IAOPA Secretary General Craig Spence and IAOPA ICAO Representative Frank Hofmann represented the interests of general aviation at the ICAO Global Air Navigation Industry Symposium (GANIS). The symposium emphasized the need for global harmonization, and identified ways and means to ensure interoperability, and maximum utilization of available and emerging technologies and concepts of operations in the future air navigation system. IAOPA has been an active participant in the planned evolution of the next editions of the Global Aviation Safety Plan (GASP), the Global Air Navigation Plan (GANP), and the Aviation System Block Upgrades (ASBUs) framework foreseen to be endorsed by the 40th session of the ICAO Assembly in 2019.

The symposia provided a crucial networking and knowledge-sharing opportunity, and included presentations from ICAO, international and regional organizations, standards-making organizations and leading industry stakeholders. The meeting was an opportunity to chart the next steps to achieve a seamless global aviation system. The event is a precursor for the Thirteenth Air Navigation Conference which will be held in October 2018.

New Accident Case Study from the AOPA Air Safety Institute Explores Vacuum Failure in IMC

It sometimes takes an accident to raise our awareness of how an emergency can develop and affect us. For example, a vacuum pump failure on a sunny day is no big deal, but in instrument meteorological conditions—and especially without backup instrumentation—it's a serious emergency. Not being adequately prepared can test our proficiency and hamper our ability to grasp the gravity of the problem when it's most needed.

Accident Case Study: Single Point Failure reviews a pilot's decision-making process, including actions the pilot should have taken before he was forced to deal with an impossible dilemma in instrument meteorological conditions. The flight was on an instrument flight plan en route from the United States' southeastern state of South Carolina to the northeastern state of Connecticut. The trip concluded a long weekend getaway for the Bonanza pilot and his two friends. About two hours into the flight the aircraft had lost its only vacuum pump, and without a backup system, the pilot was now forced to fly partial panel. Although the pilot realized the importance of staying in visual meteorological conditions, he did not effectively inform air traffic control of the dire situation.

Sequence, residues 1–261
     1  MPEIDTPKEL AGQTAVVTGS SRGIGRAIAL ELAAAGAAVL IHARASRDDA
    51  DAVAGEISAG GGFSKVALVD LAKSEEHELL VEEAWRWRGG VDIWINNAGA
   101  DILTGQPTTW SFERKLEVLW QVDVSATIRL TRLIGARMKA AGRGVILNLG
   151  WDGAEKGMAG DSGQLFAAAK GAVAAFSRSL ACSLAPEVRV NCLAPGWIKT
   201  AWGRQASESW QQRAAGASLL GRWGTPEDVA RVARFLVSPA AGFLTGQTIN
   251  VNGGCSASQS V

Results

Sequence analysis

As pilots, we want to enjoy every flight, improve our skills, and share the fun of flight with others. But we should also take a moment and think of how we can be better prepared for each flight before we hop into the cockpit. Please share the video with others so they too can learn from the mistakes that were made on this flight.

Link to IAOPA Europe Newsletter

Read the latest information on what IAOPA affiliates are doing in Europe. AOPA's in every part of the globe are making a positive difference for general aviation and there is simply not enough room to publish all that is being done to keep you flying. For the latest updates on what is going on at IAOPA Europe check their website at http://www.iaopa.eu/

Pass on This Newsletter to Your Members

Nothing can keep existing members, and attract new members like reminding them of the great work that IAOPA affiliates, and IAOPA, are doing on national, regional, and international levels to keep them flying. Great work is being done in all parts of the globe to advance the interests of general aviation and the best way to share the message is to make sure that this newsletter gets to as many members and non-members alike. So I encourage you to publish this on your website, send on via email to your members, and do what you can to help spread the word.

The International Council of Aircraft Owner and Pilot Associations represent the interests of more than 470,000 pilots and aircraft owners in 72 countries. Formed in 1962, IAOPA is dedicated to promoting the peaceful uses of general aviation and aerial work worldwide.

IAOPA eNews is published monthly by the International Council of Aircraft Owner and Pilot Associations for the use of its affiliate members in representing and advocating general aviation and aerial work interests worldwide.